1. ## find the limit

$\displaystyle \lim_{x\to0} \frac{sin(cos x)}{sec x}$

I can just plug in zero but my teacher says that we can't use the direct substitution property with trig functions even if you can get the correct answer, which is lame. So how do I solve this? And yes its sin(cos x) not sin x(cos x)

2. Originally Posted by yoman360
$\displaystyle \lim_{x\to0} \frac{sin(cos x)}{sec x}$

I can just plug in zero but my teacher says that we can't use the direct substitution property with trig functions
What's wrong with using direct substitution with trig functions?!?!

$\displaystyle \lim_{x\to0}\frac{\sin\left(\cos x\right)}{\sec x}=\frac{\sin\left(\cos 0\right)}{\sec 0}=\sin\left(1\right)$

3. Originally Posted by Chris L T521
What's wrong with using direct substitution with trig functions?!?!

$\displaystyle \lim_{x\to0}\frac{\sin\left(\cos x\right)}{\sec x}=\frac{\sin\left(\cos 0\right)}{\sec 0}=\sin\left(1\right)$
Because the teacher says the definition for direct substitutution property can only be used for polynomial and rational functions.

Theorem: (Direct Substitution Property) Suppose f(x) is a polyno-
mial or a rational function and a is in the domain of f.

http://web.viu.ca/wattsv/math121/Ove...bstitution.pdf

He said that "using the direct substitutution property for trig functions won't be theromatically (if thats a word) correct."

Seriously someone needs to revise the direct substitutution property so that it will be "theromatically" correct for trig functions.

4. Originally Posted by yoman360
$\displaystyle \lim_{x\to0} \frac{sin(cos x)}{sec x}$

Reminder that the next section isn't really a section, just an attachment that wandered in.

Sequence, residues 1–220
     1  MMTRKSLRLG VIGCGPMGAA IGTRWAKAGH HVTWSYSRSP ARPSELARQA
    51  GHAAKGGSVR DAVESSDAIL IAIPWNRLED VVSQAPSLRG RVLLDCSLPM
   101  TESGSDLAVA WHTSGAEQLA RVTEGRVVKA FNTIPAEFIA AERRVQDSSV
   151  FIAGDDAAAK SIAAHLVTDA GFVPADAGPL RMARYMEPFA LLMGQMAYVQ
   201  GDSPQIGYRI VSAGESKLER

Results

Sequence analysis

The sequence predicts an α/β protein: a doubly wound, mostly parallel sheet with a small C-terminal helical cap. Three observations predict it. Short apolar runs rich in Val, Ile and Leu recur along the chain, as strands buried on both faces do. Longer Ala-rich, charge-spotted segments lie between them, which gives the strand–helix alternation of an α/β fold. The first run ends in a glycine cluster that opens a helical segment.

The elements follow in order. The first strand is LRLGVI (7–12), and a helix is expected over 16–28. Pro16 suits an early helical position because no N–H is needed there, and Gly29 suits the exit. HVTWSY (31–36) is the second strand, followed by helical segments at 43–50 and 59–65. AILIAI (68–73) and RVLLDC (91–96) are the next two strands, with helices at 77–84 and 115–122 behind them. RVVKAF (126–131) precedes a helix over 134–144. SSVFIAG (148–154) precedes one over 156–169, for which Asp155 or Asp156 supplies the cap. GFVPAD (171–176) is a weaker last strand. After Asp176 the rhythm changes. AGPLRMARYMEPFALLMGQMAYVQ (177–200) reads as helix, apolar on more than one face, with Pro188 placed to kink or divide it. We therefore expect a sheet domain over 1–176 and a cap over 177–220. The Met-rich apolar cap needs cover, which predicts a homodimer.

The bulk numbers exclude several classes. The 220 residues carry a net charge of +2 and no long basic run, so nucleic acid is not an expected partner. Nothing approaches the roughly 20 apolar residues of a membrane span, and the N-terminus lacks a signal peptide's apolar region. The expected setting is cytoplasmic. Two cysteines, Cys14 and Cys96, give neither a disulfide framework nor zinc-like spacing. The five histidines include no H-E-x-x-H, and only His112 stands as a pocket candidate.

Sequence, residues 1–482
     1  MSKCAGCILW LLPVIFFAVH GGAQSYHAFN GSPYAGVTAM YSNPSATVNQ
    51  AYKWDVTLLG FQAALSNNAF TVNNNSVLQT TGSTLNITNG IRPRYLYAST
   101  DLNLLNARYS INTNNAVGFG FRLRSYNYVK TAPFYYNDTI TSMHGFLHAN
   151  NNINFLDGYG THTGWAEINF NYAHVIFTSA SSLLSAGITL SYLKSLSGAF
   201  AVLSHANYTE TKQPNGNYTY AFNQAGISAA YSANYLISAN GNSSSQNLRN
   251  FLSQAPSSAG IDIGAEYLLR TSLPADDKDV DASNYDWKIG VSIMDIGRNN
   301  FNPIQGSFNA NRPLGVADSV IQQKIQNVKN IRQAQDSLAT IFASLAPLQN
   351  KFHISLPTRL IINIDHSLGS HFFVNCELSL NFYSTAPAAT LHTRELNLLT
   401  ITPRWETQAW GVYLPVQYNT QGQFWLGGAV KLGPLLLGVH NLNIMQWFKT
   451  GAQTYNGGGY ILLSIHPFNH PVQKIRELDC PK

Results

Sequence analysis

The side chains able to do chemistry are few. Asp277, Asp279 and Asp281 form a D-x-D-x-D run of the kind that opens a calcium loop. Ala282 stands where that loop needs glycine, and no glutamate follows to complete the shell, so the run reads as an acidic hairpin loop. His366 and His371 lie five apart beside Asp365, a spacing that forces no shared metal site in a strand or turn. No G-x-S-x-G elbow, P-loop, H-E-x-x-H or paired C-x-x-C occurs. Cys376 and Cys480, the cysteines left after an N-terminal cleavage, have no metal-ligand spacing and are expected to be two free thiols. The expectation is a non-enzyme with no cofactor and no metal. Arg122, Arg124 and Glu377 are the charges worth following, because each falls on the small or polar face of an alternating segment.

I can just plug in zero but my teacher says that we can't use the direct substitution property with trig functions even if you can get the correct answer, which is lame. So how do I solve this? And yes its sin(cos x) not sin x(cos x)
$\displaystyle \lim_{x\rightarrow 0}\frac{\sin (\cos x)}{\sec x}=\lim_{x\rightarrow 0}\sin (\cos x)\cos x=\lim_{x\rightarrow 0}\sin (\cos x)\lim_{x\rightarrow 0}\cos x$
$\displaystyle =\sin (\cos \lim_{x\rightarrow 0}x)\cos 0=\sin (\cos 0)\cos 0=\sin 1$
Note that there is also another theorem:
if $\displaystyle f(x)$is continuous at $\displaystyle x_0$, then
$\displaystyle \lim_{x\rightarrow x_0} f(x)=f(x_0)$,not just your teacher have said!

5. Also note that $\displaystyle \cos ,\sin\circ\cos$are both continuous at 0

6. Originally Posted by ynj
$\displaystyle \lim_{x\rightarrow 0}\frac{\sin (\cos x)}{\sec x}=\lim_{x\rightarrow 0}\sin (\cos x)\cos x=\lim_{x\rightarrow 0}\sin (\cos x)\lim_{x\rightarrow 0}\cos x$
$\displaystyle =\sin (\cos \lim_{x\rightarrow 0}x)\cos 0=\sin (\cos 0)\cos 0=\sin 1$
Note that there is also another theorem:
if $\displaystyle f(x)$is continuous at $\displaystyle x_0$, then
$\displaystyle \lim_{x\rightarrow x_0} f(x)=f(x_0)$,not just your teacher have said!
Thank you so much

7. Your teacher's point was that you had not yet learned that theorem and so shouldn't use it until you had. That is what was "theoretically" bad. (No, "theromatically", as good as it sounds, is NOT a word!)